Headlining this week’s instalment of 200 Sad Songs is Bob Dylan, longing for his missing bae. But underneath his casual bluster what is he really saying?
“If you see her, say hello”, begins Dylan’s most emotionally bare song, and an underrated gem from his catalogue. “She might be in Tangier”, he adds hopefully, which is a hilariously specific place to seemingly just pull out of the blue, which suggests one-to-five of the following options.
a) He has thought about this a lot, and narrowed down the location accordingly, landing on Tangier as her likely place of escape.
b) Dylan’s proto-parents William Burroughs, Jack Kerouac and co. would often live in Tangier for months at a time, and he suspects one of those beat-writers of having stolen her. Or suspects she is following this well-worn pilgrimage and blames himself – because Dylan is definitely the type of husband who bangs on about Kerouac a lot.
c) She left an address and a phone number behind, and Dylan knows all too well that she is there, but he isn’t chasing after anyone, as he is both the weatherman and knows which way the wind blows.
d) “She” is actually poet Alan Ginsberg, last seen floating in the background of Dylan’s Subterranean Homesick Blues clip, who Bobby misses a lot.
e) Dylan just found out about Tangier, and has begun weaving it into/hearing it in conversations in that way you do when you learn a new fact/word and then see it everywhere.
Of course, the answer is a blend of b) and f) “It’s a pretty-sounding/looking word which happens to rhyme with ‘hear’ and represents an exotic, far-flung location”. But whatever his reason for picking Tangier (he refers aloofly to having heard she was there, although this is clearly a lie), he never resolves her whereabouts – not that it’s too important to the story. She has left, and Dylan misses her.
This is the most personal song in Dylan’s hefty, but often emotionally-removed, catalogue. Jakob Dylan, who actually lived it, has the best take on Blood On The Tracks, the album this song is on, calling the record “the sound of my parents fighting.” If that’s the case, If You See Her, Say Hello is the sound of Jakob walking into the lounge room and witnessing his father crumpled and crying holding a photo of his mum. It’s the most openly heartbroken the usually bulletproof Dylan has allowed us to see him, and it’s all the more effective when put in the context of the rest of his recording output. It’s also a rare example of his most powerful lines being the most stark. Dylan is obviously an amazing wordsmith, but this often clouds things, entire albums describing the edges of things rather than focusing in. “We had a falling-out, like lovers often will” is all he will say about the split, other than alluding to some real shit going down the night she left (lovers don’t up and leave at night unless real shit went down). She clearly occupies most of his mind, yet he only passes along a “hello” message. You know who I say “hello” to? Most people I talk to.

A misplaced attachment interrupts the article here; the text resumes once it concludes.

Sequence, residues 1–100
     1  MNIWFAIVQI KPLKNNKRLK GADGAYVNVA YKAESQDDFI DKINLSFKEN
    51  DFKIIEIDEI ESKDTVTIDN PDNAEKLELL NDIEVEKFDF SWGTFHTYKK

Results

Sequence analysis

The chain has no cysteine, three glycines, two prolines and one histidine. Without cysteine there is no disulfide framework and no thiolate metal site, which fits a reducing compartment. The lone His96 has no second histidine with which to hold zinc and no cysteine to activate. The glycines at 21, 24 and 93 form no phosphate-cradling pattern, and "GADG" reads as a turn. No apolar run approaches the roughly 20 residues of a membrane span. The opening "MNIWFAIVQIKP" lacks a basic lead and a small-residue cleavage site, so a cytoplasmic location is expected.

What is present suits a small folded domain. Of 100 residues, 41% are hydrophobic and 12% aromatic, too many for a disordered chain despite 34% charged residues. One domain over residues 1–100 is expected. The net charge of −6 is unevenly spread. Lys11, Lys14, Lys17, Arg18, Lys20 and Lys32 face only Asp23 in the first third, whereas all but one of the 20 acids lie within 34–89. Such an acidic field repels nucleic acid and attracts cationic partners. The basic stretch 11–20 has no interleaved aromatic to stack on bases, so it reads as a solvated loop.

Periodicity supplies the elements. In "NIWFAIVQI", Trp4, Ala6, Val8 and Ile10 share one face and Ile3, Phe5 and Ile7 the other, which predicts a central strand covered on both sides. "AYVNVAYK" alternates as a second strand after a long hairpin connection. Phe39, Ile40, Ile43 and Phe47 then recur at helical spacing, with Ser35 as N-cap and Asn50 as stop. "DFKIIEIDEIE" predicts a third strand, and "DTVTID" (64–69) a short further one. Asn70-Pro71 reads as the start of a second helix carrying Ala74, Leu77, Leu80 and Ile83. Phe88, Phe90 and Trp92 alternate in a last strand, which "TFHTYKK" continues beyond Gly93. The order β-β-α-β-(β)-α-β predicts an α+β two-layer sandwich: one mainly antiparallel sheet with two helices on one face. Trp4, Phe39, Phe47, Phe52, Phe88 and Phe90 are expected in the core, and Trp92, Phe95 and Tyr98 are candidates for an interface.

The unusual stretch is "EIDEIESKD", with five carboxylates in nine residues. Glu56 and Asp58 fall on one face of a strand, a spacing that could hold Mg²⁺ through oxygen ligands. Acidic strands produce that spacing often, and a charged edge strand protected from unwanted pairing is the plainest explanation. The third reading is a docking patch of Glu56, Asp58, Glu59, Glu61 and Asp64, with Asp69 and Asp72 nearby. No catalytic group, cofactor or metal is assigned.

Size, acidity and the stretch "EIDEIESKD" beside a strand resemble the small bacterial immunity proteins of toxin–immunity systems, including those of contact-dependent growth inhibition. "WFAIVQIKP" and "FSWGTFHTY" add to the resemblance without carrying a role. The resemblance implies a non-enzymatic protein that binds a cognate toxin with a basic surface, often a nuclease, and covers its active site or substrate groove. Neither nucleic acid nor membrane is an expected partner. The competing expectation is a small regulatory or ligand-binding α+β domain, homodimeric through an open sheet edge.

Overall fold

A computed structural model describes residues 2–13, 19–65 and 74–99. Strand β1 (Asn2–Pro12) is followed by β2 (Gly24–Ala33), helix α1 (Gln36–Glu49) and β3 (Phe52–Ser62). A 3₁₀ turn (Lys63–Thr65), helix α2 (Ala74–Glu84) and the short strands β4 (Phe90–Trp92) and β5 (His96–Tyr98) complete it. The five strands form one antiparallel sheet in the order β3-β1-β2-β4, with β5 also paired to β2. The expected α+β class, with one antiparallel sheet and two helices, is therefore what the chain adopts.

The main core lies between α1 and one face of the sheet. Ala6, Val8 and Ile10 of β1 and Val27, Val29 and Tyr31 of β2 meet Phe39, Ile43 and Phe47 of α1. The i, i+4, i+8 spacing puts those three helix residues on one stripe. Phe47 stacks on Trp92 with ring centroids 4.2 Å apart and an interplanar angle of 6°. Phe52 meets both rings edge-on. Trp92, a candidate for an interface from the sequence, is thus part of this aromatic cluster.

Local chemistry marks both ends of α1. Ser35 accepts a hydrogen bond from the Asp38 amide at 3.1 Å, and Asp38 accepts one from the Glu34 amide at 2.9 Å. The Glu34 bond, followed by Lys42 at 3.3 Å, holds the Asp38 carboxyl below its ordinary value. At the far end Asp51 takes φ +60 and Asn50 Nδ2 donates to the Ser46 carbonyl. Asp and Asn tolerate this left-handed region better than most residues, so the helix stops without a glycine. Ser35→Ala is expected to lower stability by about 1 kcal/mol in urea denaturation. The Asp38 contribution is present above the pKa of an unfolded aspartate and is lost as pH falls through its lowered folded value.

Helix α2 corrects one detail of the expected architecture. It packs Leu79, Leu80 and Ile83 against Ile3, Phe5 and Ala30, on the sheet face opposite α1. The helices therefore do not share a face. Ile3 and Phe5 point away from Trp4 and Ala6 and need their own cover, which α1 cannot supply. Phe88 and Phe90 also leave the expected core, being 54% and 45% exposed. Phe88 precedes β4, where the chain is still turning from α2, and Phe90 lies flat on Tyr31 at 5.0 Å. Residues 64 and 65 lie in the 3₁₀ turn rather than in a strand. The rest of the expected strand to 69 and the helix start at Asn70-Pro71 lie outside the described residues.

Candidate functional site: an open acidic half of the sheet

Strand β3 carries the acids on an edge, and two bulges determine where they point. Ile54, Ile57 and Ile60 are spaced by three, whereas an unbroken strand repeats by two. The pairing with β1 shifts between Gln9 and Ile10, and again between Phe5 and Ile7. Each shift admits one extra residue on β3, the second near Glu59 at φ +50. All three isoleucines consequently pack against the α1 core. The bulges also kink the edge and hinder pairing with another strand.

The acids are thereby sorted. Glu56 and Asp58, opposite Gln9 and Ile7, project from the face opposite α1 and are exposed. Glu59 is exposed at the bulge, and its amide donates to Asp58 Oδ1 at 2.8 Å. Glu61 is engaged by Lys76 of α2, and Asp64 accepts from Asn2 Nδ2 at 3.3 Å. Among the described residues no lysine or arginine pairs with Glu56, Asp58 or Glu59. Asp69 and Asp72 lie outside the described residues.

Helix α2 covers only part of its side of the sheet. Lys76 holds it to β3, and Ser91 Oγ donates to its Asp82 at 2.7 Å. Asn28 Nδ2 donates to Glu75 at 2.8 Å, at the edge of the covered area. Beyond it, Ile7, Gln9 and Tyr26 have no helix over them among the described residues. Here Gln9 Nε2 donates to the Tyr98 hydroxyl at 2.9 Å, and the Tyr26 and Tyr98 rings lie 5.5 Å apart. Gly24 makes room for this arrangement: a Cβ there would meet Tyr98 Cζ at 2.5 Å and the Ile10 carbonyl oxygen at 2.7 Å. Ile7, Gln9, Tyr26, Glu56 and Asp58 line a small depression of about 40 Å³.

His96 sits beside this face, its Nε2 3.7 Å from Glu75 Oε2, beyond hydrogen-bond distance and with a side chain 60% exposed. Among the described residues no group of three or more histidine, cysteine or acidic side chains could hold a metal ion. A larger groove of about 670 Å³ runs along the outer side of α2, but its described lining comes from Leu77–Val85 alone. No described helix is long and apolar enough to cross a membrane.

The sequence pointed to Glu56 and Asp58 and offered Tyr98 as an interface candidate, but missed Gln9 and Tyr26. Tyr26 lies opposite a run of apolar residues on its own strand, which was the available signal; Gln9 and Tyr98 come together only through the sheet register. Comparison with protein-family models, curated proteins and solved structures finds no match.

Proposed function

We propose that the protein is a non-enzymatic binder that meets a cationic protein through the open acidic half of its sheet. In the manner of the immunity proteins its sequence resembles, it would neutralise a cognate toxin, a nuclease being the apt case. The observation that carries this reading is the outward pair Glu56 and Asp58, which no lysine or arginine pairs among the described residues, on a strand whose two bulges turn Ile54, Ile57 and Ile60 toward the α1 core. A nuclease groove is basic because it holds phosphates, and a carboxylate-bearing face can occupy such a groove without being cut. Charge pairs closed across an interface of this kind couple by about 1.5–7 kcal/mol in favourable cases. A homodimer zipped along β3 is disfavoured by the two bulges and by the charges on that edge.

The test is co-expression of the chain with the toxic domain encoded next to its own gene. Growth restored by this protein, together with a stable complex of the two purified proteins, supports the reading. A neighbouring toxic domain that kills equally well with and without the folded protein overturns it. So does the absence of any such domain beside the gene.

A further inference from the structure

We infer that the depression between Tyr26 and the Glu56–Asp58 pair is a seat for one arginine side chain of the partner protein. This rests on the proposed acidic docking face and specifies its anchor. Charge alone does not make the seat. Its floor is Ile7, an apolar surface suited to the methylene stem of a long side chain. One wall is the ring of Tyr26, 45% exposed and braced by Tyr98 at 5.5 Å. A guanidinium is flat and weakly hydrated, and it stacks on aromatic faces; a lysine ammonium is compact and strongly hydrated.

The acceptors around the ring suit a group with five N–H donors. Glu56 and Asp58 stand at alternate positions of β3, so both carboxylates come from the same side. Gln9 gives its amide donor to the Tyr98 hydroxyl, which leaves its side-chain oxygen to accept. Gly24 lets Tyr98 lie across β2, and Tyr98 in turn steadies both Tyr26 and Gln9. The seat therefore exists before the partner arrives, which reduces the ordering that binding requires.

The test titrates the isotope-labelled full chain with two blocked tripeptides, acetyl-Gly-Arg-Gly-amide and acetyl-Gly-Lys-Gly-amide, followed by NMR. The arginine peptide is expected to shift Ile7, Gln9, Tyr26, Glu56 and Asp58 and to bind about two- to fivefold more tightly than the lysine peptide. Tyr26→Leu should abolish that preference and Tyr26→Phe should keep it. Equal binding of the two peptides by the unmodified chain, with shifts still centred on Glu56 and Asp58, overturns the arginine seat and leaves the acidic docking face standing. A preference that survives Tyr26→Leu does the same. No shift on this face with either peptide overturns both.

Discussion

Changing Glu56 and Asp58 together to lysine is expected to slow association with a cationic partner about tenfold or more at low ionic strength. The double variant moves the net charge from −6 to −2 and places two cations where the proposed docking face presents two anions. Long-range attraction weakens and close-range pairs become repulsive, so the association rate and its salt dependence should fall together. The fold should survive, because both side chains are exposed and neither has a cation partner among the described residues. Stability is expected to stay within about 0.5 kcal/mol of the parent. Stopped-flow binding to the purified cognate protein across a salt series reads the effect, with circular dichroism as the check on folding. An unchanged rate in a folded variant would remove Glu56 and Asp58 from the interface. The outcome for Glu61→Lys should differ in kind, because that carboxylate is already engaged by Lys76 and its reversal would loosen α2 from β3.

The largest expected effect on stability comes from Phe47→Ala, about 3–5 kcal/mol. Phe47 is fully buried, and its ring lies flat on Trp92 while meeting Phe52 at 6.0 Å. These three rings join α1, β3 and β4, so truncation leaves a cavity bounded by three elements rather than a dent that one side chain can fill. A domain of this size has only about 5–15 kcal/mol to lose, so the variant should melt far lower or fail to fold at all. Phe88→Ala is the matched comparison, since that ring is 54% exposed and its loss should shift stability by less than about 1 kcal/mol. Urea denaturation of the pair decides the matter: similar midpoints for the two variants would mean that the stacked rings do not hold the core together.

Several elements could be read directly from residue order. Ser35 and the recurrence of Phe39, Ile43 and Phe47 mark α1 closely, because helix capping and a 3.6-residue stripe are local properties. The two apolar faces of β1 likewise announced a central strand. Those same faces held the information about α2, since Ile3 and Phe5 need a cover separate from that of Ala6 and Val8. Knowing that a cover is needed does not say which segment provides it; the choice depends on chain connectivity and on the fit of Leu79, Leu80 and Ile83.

Also on The Big Smoke
- 200 Sad Songs: #195 Belinda Carlisle – Summer Rain (1990)
- 200 Sad Songs: #196 No Doubt – Don’t Speak (1995)
- 200 Sad Songs: #197 Tom Waits – Martha (1973)
He gives a resigned cap-nod to her independence too, even if that’s the very factor keeping him from being with her: “I always have respected her for doing what she did and getting free”, he sings, and I believe him. It’s heart-wrenching to hear him howl the words, “And I’ve never gotten used to it, I just learned to turn it off”, although Dylan being Dylan – aka: the Jimmy Dean/Dylan Thomas/Dylan McKay/Matt Dillon/Jack Kerouac beat poet, gun-slinging, train-hopping, whiskey-gulping maestro that he is – this song ends with an epic kiss-off, the dismissive, closing line, “tell her she can look me up… if she’s got the time.”
It’s all bluster and bluff though, we know he’d fly to Tangier (or Russia or wherever) if he had any inkling she wanted him back – but she doesn’t.
She wants Tangier.